Concerns have been expressed about the implications of a Bill introduced in the New South Wales parliament that allows people to be charged with grievous bodily harm if they hurt an unborn baby. Known as Zoe’s Law, the Crimes Amendment (Zoe’s Law) Bill is said to be in response to the stillbirth of a foetus following a car accident. A coalition of women’s groups has warned that the Bill has significant and far-reaching consequences for women’s rights. Women’s Health NSW, Family Planning NSW and the Women’s Electoral Lobby say the NSW government has ignored the issues raised by them.
The rule of law is often called upon, but less often understood. The High Court’s Chief Justice Gleeson said, in 2001, that ‘the rule of law is such a powerful rhetorical weapon, both in legal and political argument, that care is needed in its deployment.’ So what does it actually mean? The classic modern statement of the meaning of the rule of law was offered by the late Lord Bingham who said, in The Rule of Law (2011), ‘that all persons and authorities within the state, whether public or private, should be bound by and entitled to the benefit of laws publicly made, taking effect (generally) in the future and publicly administered in the courts.’ He went on to explain eight key principles, which included that the ‘the laws of the land should apply equally to all’, and that ‘the law must afford adequate protection of fundamental human rights’.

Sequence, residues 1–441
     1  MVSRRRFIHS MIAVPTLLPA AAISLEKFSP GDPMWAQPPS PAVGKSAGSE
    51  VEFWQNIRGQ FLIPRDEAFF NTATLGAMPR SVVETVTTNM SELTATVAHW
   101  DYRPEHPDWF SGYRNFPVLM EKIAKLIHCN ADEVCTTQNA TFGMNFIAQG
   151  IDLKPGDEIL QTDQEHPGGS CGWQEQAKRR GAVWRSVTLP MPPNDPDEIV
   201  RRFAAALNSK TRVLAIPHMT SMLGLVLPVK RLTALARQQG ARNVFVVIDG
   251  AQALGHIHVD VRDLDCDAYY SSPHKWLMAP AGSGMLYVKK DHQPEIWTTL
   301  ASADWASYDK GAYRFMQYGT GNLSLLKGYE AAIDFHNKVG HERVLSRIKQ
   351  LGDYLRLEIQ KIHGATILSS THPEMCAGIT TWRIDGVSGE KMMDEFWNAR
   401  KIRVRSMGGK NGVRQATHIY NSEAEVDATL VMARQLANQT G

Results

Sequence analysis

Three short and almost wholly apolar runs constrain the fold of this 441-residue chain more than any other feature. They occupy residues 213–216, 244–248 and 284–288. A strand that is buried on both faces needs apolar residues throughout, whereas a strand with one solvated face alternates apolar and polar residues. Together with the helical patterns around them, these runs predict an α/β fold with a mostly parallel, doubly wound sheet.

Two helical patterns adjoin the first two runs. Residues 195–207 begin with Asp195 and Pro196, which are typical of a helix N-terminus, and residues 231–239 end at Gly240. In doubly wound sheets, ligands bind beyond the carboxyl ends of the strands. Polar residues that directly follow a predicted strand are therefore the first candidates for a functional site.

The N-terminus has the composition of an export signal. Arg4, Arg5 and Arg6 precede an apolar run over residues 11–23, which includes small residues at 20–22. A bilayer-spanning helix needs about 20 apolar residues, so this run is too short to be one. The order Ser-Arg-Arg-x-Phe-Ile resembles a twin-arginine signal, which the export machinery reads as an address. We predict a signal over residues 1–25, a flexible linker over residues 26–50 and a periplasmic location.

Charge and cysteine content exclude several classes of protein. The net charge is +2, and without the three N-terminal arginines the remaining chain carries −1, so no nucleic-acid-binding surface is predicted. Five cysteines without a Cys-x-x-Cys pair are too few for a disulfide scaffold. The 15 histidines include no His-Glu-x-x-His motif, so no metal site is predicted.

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Female Friends, Nicola Roxon & Kris Walker
Alternative Law Journal 19(3), June 1994
Advocacy before the Parole Board, Viginia Bell & Merrilyn Walton
Legal Service Bulletin, June 1984